- Mung beans
- Black beans
Some of these are one and the same thing – they’re just known by different names, depending on where you buy them. They all grow in pods, not all are bright green, but they are all still beans nevertheless.
How many green beans can a guinea pig eat?
Green beans should not form a whole meal. Offer 1 or 2 beans with other food a couple of times a week. Make sure any other vegetables offered at the same time don’t have high phosphorus to calcium content.
Do guinea pigs eat cooked, raw or frozen green beans?
Only give your guinea pig fresh raw green beans to nibble on. Ideally choose an organic variety to ensure their are no nasty pesticide residues present.
It’s very easy to grow your own – that way you know they are really safe. You can find out how to do this later in this article.
As guinea pigs don’t digest cooked food very well, don’t give them beans left over from your dinner. These are far less healthy for them as some of the vitamins will have been destroyed by the cooking process.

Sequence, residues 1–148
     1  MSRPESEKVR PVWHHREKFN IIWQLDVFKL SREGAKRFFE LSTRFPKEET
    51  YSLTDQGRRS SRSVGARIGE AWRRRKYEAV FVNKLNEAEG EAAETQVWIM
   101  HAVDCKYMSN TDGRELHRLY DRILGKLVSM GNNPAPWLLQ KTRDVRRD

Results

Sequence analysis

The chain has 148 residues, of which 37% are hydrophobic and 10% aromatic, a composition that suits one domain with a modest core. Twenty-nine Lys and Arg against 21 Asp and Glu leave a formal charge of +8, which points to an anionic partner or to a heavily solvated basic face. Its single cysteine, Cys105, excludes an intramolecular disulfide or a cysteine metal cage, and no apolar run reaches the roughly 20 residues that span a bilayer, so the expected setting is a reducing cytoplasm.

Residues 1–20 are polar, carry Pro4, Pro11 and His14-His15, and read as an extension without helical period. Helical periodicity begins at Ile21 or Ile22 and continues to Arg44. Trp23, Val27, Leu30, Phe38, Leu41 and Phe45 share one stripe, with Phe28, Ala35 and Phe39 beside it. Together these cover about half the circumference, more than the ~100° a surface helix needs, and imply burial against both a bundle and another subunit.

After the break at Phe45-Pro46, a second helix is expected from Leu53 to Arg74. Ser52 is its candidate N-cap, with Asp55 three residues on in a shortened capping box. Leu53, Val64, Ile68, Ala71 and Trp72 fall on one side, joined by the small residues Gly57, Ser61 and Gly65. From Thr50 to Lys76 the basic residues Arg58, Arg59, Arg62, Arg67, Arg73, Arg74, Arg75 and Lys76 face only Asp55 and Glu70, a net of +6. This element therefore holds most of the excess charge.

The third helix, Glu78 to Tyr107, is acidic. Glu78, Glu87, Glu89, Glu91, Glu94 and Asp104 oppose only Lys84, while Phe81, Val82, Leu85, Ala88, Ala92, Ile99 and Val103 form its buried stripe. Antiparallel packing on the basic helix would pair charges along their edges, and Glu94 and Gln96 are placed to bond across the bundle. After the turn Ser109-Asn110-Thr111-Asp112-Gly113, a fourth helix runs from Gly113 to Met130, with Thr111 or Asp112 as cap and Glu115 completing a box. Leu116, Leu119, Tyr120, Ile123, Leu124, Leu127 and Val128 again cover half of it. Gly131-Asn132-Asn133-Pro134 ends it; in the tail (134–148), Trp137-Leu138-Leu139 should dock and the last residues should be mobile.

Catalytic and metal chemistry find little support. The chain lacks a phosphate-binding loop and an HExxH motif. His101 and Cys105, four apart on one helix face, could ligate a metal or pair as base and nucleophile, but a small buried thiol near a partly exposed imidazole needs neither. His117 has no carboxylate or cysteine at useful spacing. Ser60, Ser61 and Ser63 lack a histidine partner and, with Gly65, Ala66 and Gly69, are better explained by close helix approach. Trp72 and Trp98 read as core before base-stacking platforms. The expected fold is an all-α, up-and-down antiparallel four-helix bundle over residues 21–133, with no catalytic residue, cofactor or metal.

Avoid defrosted frozen beans to. These have often been blanched – plunged in hot water – before freezing, and when they have thawed they are no longer crunchy.
There’s also a strong possibility of bacteria being present on defrosted green beans which would normally be destroyed when we cook them but obviously won’t be if offered to your guinea pig raw.
Greens that are OK for guinea pigs a few times a week
- Cauliflower leaves
- Cos lettuce
- Green peppers (and red or yellow)
- Pak Choi
- Rocket salad
Greens that are OK a couple of times a week
- Any green beans
- Butterhead lettuce
- Collards (greens)
- Courgette (zucchini)
Greens that are OK a maximum of once a week
- Dandelion leaves
How to grow green beans for your guinea pigs
If you grow your own green beans you can be sure they are organic and safe for your guinea pig to eat. Runner beans are very easy and fun to grow.
Here’s what you need:
- Bean seeds
- Seed compost
- Small pots (about 3 inches wide, 4 inches deep)
- A fertile, well-drained area of your garden or a large planter and potting compost
- 8-foot tall bamboo canes (allow 1 per each seedling you intend to grow)